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Appl Environ Microbiol. 2016 Sep 30;82(20):6141-6149. Print 2016 Oct 15.

Light-Controlled Cell Factories: Employing Photocaged Isopropyl-β-d-Thiogalactopyranoside for Light-Mediated Optimization of lac Promoter-Based Gene Expression and (+)-Valencene Biosynthesis in Corynebacterium glutamicum.

Author information

1
Institute of Molecular Enzyme Technology, Heinrich Heine University Düsseldorf, Forschungszentrum Jülich, Jülich, Germany.
2
Chair of Genetics of Prokaryotes, Faculty of Biology & CeBiTec, Bielefeld University, Bielefeld, Germany.
3
Institute of Bio- and Geosciences, IBG-1: Biotechnology, Forschungszentrum Jülich, Jülich, Germany.
4
Institute for Bioorganic Chemistry, Heinrich Heine University Düsseldorf, Forschungszentrum Jülich, Jülich, Germany.
5
Institute of Bio- and Geosciences, IBG-1: Biotechnology, Forschungszentrum Jülich, Jülich, Germany Institute for Bioorganic Chemistry, Heinrich Heine University Düsseldorf, Forschungszentrum Jülich, Jülich, Germany.
6
Institute of Molecular Enzyme Technology, Heinrich Heine University Düsseldorf, Forschungszentrum Jülich, Jülich, Germany Institute of Bio- and Geosciences, IBG-1: Biotechnology, Forschungszentrum Jülich, Jülich, Germany.
7
Chair of Genetics of Prokaryotes, Faculty of Biology & CeBiTec, Bielefeld University, Bielefeld, Germany volker.wendisch@uni-bielefeld.de t.drepper@fz-juelich.de.
8
Institute of Molecular Enzyme Technology, Heinrich Heine University Düsseldorf, Forschungszentrum Jülich, Jülich, Germany volker.wendisch@uni-bielefeld.de t.drepper@fz-juelich.de.

Abstract

Precise control of microbial gene expression resulting in a defined, fast, and homogeneous response is of utmost importance for synthetic bio(techno)logical applications. However, even broadly applied biotechnological workhorses, such as Corynebacterium glutamicum, for which induction of recombinant gene expression commonly relies on the addition of appropriate inducer molecules, perform moderately in this respect. Light offers an alternative to accurately control gene expression, as it allows for simple triggering in a noninvasive fashion with unprecedented spatiotemporal resolution. Thus, optogenetic switches are promising tools to improve the controllability of existing gene expression systems. In this regard, photocaged inducers, whose activities are initially inhibited by light-removable protection groups, represent one of the most valuable photoswitches for microbial gene expression. Here, we report on the evaluation of photocaged isopropyl-β-d-thiogalactopyranoside (IPTG) as a light-responsive control element for the frequently applied tac-based expression module in C. glutamicum In contrast to conventional IPTG, the photocaged inducer mediates a tightly controlled, strong, and homogeneous expression response upon short exposure to UV-A light. To further demonstrate the unique potential of photocaged IPTG for the optimization of production processes in C. glutamicum, the optogenetic switch was finally used to improve biosynthesis of the growth-inhibiting sesquiterpene (+)-valencene, a flavoring agent and aroma compound precursor in food industry. The variation in light intensity as well as the time point of light induction proved crucial for efficient production of this toxic compound.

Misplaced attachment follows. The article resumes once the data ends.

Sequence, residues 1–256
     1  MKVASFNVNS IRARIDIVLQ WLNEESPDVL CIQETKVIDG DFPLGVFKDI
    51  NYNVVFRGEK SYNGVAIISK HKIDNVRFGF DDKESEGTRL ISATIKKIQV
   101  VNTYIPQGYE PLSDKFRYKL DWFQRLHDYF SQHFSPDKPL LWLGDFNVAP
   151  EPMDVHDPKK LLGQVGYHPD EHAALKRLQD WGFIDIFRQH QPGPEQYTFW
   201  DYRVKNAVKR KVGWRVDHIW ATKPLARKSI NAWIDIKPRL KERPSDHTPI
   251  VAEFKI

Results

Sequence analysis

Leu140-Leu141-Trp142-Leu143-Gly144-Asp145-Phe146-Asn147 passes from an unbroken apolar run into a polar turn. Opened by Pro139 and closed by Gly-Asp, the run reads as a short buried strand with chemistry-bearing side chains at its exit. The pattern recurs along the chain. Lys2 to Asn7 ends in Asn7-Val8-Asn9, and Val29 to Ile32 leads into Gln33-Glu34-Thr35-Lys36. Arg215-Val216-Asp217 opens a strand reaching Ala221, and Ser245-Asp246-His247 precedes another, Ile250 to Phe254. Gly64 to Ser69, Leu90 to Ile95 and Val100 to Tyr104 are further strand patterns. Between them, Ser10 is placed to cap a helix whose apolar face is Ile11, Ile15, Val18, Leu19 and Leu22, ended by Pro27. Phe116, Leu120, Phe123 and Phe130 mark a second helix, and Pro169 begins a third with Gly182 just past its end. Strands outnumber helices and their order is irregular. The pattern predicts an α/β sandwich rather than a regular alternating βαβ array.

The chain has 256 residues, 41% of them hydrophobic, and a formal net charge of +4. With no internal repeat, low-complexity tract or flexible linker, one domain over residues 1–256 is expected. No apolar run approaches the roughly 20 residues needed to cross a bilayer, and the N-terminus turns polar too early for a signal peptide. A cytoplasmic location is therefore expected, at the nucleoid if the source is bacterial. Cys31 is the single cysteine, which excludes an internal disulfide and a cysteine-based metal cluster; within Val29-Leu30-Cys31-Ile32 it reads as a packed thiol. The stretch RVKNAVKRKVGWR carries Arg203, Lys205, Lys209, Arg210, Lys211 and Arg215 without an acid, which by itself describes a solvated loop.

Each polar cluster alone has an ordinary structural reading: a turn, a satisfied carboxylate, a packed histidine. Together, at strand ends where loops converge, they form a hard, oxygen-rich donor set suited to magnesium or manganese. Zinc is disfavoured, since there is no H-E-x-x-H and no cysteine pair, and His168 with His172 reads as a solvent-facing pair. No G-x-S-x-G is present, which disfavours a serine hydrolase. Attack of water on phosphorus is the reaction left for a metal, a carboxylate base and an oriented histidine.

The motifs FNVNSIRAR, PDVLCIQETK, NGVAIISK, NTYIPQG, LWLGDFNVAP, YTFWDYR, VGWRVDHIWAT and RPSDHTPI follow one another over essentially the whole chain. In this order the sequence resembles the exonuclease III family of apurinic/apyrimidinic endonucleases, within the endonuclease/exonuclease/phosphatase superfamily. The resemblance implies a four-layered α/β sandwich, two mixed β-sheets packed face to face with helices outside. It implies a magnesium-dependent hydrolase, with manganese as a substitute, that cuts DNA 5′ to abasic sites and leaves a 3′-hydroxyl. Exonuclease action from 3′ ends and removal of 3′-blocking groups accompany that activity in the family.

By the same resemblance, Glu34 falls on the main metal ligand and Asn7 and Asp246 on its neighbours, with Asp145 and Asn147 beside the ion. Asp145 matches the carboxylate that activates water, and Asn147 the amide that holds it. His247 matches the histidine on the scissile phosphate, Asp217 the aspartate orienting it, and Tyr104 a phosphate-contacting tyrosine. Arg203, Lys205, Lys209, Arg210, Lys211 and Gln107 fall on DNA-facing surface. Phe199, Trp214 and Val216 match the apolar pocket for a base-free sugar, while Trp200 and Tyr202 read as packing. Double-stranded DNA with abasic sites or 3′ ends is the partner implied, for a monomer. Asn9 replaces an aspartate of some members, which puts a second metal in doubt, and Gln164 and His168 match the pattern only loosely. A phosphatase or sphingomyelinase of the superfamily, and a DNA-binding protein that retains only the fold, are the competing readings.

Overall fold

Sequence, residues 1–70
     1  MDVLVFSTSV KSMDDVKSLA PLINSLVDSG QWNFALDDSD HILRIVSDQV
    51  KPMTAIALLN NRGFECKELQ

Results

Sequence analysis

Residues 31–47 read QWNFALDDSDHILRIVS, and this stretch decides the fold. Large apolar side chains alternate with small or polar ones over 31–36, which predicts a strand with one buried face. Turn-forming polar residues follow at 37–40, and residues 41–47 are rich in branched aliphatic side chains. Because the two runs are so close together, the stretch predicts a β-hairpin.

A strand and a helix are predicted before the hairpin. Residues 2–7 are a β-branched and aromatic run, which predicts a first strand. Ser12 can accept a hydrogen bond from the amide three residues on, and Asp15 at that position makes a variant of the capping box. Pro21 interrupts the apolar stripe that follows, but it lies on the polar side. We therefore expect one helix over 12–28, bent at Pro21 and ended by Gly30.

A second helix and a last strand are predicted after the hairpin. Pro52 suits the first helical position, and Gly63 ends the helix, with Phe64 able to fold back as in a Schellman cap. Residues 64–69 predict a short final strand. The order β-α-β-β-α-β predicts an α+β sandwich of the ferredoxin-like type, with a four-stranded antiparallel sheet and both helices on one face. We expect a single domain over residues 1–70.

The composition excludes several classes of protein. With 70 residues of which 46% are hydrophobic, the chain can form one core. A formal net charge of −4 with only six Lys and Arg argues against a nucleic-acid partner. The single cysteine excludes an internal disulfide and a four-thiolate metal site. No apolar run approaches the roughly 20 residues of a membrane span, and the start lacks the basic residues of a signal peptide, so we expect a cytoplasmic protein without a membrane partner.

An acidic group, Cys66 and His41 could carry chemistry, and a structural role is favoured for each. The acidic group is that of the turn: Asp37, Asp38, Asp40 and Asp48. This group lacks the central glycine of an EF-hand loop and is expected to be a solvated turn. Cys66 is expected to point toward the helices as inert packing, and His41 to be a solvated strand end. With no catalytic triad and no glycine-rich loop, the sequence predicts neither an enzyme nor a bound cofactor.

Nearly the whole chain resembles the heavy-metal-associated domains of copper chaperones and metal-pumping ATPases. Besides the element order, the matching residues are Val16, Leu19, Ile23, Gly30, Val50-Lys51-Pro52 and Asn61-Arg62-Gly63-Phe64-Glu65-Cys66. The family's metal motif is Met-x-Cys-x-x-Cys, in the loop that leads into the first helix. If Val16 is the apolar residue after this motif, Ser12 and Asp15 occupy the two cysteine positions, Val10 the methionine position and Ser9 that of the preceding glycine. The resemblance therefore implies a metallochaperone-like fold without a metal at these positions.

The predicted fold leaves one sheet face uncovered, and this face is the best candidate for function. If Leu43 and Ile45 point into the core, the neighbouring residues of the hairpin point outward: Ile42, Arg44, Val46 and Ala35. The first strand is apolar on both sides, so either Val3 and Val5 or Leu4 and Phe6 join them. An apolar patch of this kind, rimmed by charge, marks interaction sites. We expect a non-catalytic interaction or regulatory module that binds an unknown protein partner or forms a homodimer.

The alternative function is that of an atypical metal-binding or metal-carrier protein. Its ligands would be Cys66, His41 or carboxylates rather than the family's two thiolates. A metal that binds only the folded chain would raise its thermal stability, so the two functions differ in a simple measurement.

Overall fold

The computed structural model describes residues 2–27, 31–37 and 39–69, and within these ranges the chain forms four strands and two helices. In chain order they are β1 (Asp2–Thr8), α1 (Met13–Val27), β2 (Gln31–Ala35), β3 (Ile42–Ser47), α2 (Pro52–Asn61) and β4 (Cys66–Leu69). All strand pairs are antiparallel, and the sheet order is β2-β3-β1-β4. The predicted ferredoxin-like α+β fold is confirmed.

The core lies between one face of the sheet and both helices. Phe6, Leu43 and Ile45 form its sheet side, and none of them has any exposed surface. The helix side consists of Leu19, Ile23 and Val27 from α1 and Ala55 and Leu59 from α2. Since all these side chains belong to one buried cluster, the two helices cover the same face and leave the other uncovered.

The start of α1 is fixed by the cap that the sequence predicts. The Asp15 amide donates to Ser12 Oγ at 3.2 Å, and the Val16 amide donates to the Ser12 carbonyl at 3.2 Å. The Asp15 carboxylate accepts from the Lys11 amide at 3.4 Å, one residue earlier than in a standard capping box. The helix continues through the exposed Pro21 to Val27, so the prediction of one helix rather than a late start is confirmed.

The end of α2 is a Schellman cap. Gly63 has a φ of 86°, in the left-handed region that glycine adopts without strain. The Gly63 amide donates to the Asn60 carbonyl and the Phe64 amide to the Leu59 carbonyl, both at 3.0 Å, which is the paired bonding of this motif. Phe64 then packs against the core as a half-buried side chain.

IMPORTANCE:

Optogenetic tools are light-responsive modules that allow for a simple triggering of cellular functions with unprecedented spatiotemporal resolution and in a noninvasive fashion. Specifically, light-controlled gene expression exhibits an enormous potential for various synthetic bio(techno)logical purposes. Before our study, poor inducibility, together with phenotypic heterogeneity, was reported for the IPTG-mediated induction of lac-based gene expression in Corynebacterium glutamicum By applying photocaged IPTG as a synthetic inducer, however, these drawbacks could be almost completely abolished. Especially for increasing numbers of parallelized expression cultures, noninvasive and spatiotemporal light induction qualifies for a precise, homogeneous, and thus higher-order control to fully automatize or optimize future biotechnological applications.

PMID:
27520809
PMCID:
PMC5068161
DOI:
10.1128/AEM.01457-16
[Indexed for MEDLINE]
Free PMC Article

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